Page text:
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Max Bush
November 17, 2011
THESE GUYS ARE GOOD !
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No Additional Cost Services - Did You Know?

You may be able to exclude no additional cost services you receive from your employer from your income..

In order to qualify, this service must be the same service offered for sale to customers in the ordinary course of your line of work...
and there can't be a substantial additional cost (including any sales revenue lost) to provide you with the service.

Some examples of this may include excess capacity services like airline, bus, or train tickets, hotel rooms, and telephone services.

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Refund Amounts - Did You Know?

If your refund amount is different than stated on the filed tax return, part or all of your refund may have been used to pay off (offset) past-due federal tax, student loans, state income tax or other past-due debts.

You'll receive a notice from the IRS if such an offset occurs that will show the original tax refund amount, the offset amount, as well as the name, address and telephone number of the agency receiving the payment.

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Amended Returns - Did You Know?

When filing an amended return, it can take up to 3 weeks for it to show up in the system, and processing can take up to 16 weeks.

You may use the 'Where's my Amended Return' tool to check your status. https://www.irs.gov/…/amended-re…/wheres-my-amended-return-1.

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Reduce Fees & Penalties - Did You Know?

You should still file your taxes, even if you can't pay, as the failure-to-file penalty may be 10 times more than the failure-to-pay penalty. If you are unable to pay in full, try to file your tax return and pay as much as you can.

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Tax Deadline Extension

The IRS has provided an additional day to file returns due to system issues that happened on Tuesday, April 17th. This one-day extension is automatic, and those who have not yet filed now have until midnight on Wednesday, April 18th to file and pay their taxes.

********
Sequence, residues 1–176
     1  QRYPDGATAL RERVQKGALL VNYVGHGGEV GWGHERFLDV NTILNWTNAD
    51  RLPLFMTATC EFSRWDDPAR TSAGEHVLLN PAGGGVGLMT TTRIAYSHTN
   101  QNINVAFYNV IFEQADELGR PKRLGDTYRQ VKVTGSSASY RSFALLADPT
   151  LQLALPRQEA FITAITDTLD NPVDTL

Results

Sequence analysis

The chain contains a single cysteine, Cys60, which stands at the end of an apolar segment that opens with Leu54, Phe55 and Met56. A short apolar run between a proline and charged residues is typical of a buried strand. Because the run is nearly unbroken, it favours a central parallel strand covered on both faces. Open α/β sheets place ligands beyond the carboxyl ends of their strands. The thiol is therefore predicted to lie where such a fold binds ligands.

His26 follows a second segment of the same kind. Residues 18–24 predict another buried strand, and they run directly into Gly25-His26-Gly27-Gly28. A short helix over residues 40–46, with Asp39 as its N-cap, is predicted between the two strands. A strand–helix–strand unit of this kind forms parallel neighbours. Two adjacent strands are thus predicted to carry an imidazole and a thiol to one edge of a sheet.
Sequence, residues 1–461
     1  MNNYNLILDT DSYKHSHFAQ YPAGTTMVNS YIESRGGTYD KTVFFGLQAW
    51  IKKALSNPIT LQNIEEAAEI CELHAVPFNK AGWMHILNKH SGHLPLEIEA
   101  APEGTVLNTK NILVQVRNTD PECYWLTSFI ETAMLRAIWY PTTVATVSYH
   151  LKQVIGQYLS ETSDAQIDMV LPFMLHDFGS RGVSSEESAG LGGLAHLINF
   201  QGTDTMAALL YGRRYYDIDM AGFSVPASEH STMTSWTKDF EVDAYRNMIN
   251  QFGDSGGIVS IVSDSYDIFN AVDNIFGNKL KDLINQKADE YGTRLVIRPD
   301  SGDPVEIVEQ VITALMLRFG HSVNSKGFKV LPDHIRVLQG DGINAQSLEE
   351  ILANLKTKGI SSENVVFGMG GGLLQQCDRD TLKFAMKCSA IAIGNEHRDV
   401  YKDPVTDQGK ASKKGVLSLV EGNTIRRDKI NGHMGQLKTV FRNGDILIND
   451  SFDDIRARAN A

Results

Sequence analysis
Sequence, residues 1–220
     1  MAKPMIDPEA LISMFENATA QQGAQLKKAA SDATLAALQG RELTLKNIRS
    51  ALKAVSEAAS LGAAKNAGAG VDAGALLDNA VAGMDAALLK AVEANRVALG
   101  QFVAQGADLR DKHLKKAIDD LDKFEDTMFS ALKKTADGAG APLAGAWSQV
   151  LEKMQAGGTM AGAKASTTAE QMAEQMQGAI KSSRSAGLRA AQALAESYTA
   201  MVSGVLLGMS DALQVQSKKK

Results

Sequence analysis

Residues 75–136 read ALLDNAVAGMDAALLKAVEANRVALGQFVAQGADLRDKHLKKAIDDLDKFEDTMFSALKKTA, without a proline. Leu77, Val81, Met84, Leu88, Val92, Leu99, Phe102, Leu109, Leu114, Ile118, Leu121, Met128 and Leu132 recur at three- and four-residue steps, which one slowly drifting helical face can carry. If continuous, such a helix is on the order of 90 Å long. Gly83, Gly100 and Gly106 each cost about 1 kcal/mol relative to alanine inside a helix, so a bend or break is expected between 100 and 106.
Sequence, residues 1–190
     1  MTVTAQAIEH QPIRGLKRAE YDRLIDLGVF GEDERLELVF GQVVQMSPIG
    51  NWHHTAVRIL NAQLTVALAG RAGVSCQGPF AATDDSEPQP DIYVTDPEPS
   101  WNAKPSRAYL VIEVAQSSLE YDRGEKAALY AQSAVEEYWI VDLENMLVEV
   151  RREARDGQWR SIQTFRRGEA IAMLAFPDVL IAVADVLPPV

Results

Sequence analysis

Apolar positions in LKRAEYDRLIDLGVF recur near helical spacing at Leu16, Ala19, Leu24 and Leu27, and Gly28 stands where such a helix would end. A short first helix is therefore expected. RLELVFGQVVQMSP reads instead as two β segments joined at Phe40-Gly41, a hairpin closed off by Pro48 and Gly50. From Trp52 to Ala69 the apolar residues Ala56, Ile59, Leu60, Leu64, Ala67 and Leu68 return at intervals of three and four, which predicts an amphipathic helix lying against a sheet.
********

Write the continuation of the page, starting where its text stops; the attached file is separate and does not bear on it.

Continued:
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Tax Filing Deadline

The deadline to file your taxes is on Tuesday, April 17th, 2018. It is also the deadline for paying any taxes owed as well as filing for an extension. Please note that you may be able to file for an extension until Oct 15th, 2018, but you must still pay any taxes due by the April 17th deadline.

If you are a US citizen or green card holder living overseas, or active military on duty outside the United States on the regular due date of the return, you may be able to get an automatic two month extension to file your return and pay any taxes due.

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Tuition and Fees Deduction - Did You Know?

Congress retroactively revived the tuition and fees deduction for the 2017 filing year with the Bipartisan Budget Act of 2018 that was passed on February 9th, 2018.

If you paid qualifying higher education related expenses, you may be able to deduct up to $4,000 of those costs without having to itemize the deduction.

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This amount can be up to $4,000 for single filers with an adjusted gross income of $65,000 or less ($130,000 jointly) or $2,000 for single filers with an AGI of $80,000 or less ($160,000 jointly).

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Unclaimed Refunds - Did You Know?

The IRS has issued a reminder that time is running out for those that didn't file a 2014 federal tax return. There are currently unclaimed refunds that total more than $1 billion, and the 2014 returns must be filed by April 17, 2018.

No penalty will be charged for filing a late return for those receiving refunds and there is a limited three year window to claim a refund. If unclaimed, the money becomes the property of the U.S. Treasury.

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Avoid Becoming a Scam Victim

Did you receive a threatening call or notice from the "IRS"? Please remember, IRS employees will NOT:

- Call demanding immediate payment. The IRS will not call a taxpayer if they owe tax without first sending a bill in the mail....